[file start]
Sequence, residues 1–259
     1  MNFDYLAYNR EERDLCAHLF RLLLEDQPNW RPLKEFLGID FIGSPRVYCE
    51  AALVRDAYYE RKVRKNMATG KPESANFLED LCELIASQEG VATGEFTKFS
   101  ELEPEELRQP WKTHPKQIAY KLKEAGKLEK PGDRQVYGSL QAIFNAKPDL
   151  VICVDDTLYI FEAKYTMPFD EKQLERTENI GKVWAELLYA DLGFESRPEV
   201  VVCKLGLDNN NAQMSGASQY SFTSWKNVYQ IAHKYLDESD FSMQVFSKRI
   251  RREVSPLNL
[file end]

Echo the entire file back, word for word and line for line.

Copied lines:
Sequence, residues 1–259
     1  MNFDYLAYNR EERDLCAHLF RLLLEDQPNW RPLKEFLGID FIGSPRVYCE
    51  AALVRDAYYE RKVRKNMATG KPESANFLED LCELIASQEG VATGEFTKFS
   101  ELEPEELRQP WKTHPKQIAY KLKEAGKLEK PGDRQVYGSL QAIFNAKPDL
   151  VICVDDTLYI FEAKYTMPFD EKQLERTENI GKVWAELLYA DLGFESRPEV
   201  VVCKLGLDNN NAQMSGASQY SFTSWKNVYQ IAHKYLDESD FSMQVFSKRI
   251  RREVSPLNL